African Press International (API)

"Daily Online News Channel".

Archive for September, 2013

OSLO: Praying for Kenya in Norway after Westgate Mall Terror attack

Posted by African Press International on September 30, 2013

Solidarity with Kenya – Prayer service

,Pray for Kenya – Pray until something happens!

Kenyans and friends of Kenya living in Oslo, Norway held prayers for Kenya to pray for the country and the victims of Nairobi‘s Westgate Mall terror attack that took place a week ago.

The hosts:

Oslo International Church, Association of Kenyans in Norway and Kenya Students Association in Norway.


The important song for the day: ITS WELL WITH MY SOUL:

1. When peace, like a river, attendeth my way,

When sorrows like sea billows roll,

Whatever my lot, Thou has taught me to say

It is well, it is well, with my soul


It is well, with my soul

It is well, it is well, with my soul

2. Though Satan should buffet, though trials should come,

Let this blest assurance control,

That Christ has regarded my helpless estate,

And hath shed His own blood for my soul.

3. My sin, oh, the bliss of this glorious thought!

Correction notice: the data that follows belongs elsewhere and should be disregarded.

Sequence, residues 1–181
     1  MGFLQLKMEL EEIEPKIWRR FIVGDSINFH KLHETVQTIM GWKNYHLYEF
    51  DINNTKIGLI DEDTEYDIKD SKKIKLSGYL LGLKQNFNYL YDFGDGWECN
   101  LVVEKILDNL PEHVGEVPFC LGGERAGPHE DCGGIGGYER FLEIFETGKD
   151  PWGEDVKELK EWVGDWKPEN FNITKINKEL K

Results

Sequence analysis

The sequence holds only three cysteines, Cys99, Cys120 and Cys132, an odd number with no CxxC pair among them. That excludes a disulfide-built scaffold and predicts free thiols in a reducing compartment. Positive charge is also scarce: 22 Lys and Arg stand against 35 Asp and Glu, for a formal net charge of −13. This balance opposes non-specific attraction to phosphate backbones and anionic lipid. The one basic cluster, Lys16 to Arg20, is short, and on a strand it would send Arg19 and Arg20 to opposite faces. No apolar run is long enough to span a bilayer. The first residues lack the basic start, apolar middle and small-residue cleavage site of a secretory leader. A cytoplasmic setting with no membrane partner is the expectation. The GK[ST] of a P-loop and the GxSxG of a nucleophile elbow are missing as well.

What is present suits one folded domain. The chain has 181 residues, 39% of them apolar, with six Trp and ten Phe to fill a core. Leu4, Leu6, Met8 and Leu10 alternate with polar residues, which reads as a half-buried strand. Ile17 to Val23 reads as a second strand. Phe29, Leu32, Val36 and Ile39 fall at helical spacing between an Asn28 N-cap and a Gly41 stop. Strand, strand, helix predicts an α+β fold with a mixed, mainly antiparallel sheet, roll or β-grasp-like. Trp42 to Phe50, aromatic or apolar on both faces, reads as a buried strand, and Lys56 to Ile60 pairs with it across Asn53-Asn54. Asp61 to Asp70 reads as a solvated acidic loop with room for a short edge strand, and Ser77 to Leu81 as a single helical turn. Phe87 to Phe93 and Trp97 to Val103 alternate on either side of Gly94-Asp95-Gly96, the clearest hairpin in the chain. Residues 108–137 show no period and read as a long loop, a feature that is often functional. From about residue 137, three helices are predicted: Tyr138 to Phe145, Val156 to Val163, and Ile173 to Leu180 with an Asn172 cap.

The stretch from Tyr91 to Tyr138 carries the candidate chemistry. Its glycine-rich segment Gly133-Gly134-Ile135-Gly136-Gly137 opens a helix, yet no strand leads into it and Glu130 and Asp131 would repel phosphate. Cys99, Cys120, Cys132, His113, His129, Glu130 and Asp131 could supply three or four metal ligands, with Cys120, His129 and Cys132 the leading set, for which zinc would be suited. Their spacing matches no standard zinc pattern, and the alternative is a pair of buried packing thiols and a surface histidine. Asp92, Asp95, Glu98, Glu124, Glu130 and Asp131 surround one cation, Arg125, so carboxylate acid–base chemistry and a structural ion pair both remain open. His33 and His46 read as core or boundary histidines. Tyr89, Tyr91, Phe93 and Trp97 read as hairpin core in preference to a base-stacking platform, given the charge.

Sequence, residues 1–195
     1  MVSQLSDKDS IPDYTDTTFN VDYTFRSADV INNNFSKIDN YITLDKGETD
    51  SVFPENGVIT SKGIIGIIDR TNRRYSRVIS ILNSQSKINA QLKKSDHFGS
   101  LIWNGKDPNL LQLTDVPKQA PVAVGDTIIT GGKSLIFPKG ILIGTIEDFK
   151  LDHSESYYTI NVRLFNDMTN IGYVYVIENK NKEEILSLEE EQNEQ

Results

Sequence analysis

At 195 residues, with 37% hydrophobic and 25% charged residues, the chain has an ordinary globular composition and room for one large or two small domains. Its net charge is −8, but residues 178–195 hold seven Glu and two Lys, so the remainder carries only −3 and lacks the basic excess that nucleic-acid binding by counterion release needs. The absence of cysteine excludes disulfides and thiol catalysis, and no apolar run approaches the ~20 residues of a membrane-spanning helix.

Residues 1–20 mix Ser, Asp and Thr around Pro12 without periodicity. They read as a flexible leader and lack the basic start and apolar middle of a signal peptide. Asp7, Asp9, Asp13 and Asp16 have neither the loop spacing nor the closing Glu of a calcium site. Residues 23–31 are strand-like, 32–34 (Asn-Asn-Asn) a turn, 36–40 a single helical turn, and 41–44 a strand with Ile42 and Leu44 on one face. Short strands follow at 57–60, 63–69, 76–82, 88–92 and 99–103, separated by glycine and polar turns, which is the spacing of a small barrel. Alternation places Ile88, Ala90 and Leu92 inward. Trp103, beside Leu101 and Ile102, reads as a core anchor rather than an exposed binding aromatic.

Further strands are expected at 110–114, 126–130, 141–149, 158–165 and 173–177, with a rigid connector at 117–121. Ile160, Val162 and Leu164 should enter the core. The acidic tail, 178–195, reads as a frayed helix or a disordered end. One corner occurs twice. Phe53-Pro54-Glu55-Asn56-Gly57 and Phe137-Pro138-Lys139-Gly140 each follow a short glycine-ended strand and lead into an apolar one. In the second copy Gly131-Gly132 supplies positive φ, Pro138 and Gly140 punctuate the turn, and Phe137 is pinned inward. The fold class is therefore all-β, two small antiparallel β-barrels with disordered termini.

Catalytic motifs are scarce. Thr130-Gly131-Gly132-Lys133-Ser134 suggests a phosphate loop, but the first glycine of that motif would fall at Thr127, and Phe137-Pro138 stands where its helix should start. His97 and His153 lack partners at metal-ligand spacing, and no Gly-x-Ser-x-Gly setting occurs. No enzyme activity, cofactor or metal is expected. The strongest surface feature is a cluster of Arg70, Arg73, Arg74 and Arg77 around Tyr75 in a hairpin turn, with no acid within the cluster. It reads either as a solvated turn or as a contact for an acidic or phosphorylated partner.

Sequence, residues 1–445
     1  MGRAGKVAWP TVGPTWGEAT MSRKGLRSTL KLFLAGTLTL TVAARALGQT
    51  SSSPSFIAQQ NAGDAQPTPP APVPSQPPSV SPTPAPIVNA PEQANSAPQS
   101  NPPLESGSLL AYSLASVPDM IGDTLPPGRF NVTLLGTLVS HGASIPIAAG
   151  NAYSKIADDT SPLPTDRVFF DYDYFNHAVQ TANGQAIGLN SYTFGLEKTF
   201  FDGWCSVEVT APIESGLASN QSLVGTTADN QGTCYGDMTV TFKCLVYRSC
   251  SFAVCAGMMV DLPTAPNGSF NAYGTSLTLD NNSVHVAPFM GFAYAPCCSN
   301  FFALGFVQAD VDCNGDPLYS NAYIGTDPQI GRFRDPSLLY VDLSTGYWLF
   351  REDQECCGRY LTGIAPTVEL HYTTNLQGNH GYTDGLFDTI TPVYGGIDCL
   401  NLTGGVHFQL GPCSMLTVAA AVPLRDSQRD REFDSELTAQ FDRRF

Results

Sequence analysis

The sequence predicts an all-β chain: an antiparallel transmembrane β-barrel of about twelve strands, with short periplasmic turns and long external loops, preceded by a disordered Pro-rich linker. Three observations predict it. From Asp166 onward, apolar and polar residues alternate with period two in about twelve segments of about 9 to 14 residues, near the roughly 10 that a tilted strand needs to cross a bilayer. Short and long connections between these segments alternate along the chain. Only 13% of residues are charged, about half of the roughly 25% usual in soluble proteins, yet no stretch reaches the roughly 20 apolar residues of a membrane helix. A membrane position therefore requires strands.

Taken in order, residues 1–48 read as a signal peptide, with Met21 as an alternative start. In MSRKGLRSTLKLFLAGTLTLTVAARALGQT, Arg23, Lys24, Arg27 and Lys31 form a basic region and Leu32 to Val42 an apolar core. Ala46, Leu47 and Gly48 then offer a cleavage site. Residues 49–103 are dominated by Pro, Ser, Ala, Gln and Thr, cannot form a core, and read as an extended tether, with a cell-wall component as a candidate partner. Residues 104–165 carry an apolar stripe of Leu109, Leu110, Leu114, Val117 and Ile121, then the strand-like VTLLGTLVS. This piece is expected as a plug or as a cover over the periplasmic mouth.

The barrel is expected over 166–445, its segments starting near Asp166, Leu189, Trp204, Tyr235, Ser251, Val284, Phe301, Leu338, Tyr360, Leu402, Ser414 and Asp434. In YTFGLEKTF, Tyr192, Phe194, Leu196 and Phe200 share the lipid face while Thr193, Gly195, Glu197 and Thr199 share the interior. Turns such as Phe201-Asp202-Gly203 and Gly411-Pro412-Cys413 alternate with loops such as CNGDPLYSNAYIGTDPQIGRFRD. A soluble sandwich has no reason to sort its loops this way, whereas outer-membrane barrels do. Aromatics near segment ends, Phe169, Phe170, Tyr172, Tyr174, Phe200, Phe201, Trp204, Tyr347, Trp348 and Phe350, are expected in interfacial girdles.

My sin, not in part but the whole,

Is nailed to the cross, and I bear it no more

Praise the Lord, praise the Lord, O my soul!

Praying for Kenya in Norway after Westgate Mall Terror attack: Only MEMORIES


Praying for Kenya in Norway after Westgate Mall Terror attack Part 1

Praying for Kenya in Norway after Westgate Mall Terror attack Part 2

Praying for Kenya in Norway after Westgate Mall Terror attack Part 3

May God bless the people of Kenya. African Press International sends condolences to all the families who lost their loved ones.


Posted in AA > News and News analysis | Tagged: , , , , , , , , , , | Leave a Comment »

New hope for a lasting solution

Posted by African Press International on September 30, 2013

The international group of donors to Palestine has expressed its strong support for the new round of negotiations between the Israelis and the Palestinians 20 years after the Oslo Accords. “The donors want to contribute, but it is the Palestinian and Israeli leaders who are responsible for ensuring that this opportunity is not lost,” said Foreign Minister Espen Barth Eide.

On 25 September, Mr Eide chaired the Ad Hoc Liaison Committee for Assistance to the Palestinians (AHLC) in New York. UN Secretary-General Ban Ki-moon hosted the meeting, and the parties were represented by Palestinian Prime Minister Rami Hamdallah and Israeli Prime Minister Yuval Steinitz.

“It’s extremely good news that a political process is once again underway. At the same time, we know that reaching a solution will be challenging. President Abbas and Prime Minister Netanyahu have taken courageous steps. Time is running out for a two-state solution. This is why everyone must help to ensure that the negotiations reach a successful conclusion,” said Mr Eide.